Are you keeping your chickens at home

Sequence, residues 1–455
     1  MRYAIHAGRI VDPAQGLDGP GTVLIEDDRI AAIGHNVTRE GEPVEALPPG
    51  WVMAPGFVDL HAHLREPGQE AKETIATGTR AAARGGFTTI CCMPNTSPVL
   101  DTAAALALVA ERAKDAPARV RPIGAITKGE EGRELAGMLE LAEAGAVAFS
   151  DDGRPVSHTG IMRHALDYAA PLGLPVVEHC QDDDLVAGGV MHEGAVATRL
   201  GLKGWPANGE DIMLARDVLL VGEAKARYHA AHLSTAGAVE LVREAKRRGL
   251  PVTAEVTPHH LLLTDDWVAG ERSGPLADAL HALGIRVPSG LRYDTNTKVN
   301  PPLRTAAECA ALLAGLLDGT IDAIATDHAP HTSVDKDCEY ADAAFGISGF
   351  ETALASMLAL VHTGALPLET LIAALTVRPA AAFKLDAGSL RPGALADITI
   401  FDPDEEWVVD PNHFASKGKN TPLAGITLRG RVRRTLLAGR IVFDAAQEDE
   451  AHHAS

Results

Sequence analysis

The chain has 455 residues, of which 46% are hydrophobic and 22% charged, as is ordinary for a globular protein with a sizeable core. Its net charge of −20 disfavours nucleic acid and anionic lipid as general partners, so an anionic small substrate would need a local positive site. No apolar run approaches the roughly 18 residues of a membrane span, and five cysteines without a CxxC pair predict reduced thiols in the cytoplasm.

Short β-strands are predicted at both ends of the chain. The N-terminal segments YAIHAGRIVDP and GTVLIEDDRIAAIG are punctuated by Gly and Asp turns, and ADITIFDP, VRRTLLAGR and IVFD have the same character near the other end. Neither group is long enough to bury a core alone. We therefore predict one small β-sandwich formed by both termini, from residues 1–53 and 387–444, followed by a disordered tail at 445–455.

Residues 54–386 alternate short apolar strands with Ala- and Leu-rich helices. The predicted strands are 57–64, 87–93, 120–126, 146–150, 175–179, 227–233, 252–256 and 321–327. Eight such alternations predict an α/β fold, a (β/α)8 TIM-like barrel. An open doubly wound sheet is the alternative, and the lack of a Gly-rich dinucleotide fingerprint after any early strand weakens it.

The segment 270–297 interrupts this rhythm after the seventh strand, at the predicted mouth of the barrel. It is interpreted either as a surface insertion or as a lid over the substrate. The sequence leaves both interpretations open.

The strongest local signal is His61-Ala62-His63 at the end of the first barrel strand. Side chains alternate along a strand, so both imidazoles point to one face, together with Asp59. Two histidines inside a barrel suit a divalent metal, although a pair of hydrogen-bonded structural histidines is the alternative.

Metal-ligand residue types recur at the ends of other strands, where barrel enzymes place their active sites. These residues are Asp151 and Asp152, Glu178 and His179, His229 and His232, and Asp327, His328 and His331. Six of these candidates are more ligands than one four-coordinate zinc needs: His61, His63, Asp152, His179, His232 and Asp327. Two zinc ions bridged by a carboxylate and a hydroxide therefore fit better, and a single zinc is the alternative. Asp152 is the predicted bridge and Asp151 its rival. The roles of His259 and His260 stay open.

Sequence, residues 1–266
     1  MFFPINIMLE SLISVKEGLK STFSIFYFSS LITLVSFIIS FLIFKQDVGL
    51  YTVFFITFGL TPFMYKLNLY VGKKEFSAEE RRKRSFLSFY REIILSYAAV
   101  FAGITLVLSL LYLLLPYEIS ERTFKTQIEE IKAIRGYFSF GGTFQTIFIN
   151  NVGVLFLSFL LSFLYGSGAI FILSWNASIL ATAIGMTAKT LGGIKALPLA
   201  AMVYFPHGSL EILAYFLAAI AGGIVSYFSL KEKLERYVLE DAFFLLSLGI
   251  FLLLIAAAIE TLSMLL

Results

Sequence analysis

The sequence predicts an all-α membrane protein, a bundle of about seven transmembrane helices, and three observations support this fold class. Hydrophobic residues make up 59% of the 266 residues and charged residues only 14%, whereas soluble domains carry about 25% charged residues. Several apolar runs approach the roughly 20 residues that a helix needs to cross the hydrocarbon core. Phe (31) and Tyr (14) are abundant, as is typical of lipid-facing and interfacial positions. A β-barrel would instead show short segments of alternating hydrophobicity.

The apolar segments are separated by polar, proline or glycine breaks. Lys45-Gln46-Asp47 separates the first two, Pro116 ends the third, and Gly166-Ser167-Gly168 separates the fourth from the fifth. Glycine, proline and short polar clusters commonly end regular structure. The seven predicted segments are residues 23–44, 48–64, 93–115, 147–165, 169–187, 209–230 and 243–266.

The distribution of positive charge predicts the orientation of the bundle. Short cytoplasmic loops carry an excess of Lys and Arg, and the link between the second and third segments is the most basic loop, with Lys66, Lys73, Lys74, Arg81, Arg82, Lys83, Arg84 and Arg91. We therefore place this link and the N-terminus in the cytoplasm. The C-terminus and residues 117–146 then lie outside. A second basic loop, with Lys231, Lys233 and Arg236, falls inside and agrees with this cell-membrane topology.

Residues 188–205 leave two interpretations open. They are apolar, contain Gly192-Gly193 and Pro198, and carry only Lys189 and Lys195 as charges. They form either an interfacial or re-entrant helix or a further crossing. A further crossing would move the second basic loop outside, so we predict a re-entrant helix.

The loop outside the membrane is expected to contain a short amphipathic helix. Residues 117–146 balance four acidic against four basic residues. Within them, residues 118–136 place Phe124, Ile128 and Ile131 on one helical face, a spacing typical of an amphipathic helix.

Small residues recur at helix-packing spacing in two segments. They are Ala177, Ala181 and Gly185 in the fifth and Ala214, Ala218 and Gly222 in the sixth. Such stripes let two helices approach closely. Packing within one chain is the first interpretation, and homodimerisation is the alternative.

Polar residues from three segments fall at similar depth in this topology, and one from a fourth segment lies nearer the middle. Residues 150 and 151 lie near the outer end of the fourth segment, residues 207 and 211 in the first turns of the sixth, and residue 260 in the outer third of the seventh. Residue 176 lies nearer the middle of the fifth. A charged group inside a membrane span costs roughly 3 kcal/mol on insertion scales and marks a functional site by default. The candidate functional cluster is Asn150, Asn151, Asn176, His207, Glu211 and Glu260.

So far we,ve talked about what a chicken requires, now for some fun stuff, what a chicken likes. if your keeping your newly aquired chickens at home like a lot of people nowadays do, firstly it's advisable to speak to your neighbours, cockerels are noisey and they don't just crow at sun up, they do it from when they wake till they go back to bed. But your hens make some noise to, not much only a little and only when squeezing something the size of a football out of a hole the size of a golf ball (lwhen laying an egg) and it doesn't last too long. However getting your neighbours on board can be fairly easy, your conversation would go along the lines of: hey I'm thinking of getting half a dozen chickens or so, eggs are fresh daily and only 50p a box of six: (to cover the cost of your feed) usually works great. Your chickens will require a run, with a roof, so they can't.. Run that is, ideally not secured and of a size you can easily move giving your girls fresh grass/greens, on the plus side you get your garden weeded and manursed for free. Hens need to bathe in dust, it's their way of keeping their feathers in tip top condition and ridding themselves of any unwanted bugs that may have sneaked inbetween their feathers, I use an old car tyre, you could paint it to blend in if you wanted, half fill it with soil and sand, builders sand cheap at D.I.Y stores. Now Imagine your chicken is the dog equivalent of a border collie, chickens are highly intelligent, they are more intelligent than a toddler (proven fact) they bore easily so I set up cabbage swingball, any reduced to clear green veg from supermarket hung from roof by string and they will peck it back and forth for hours.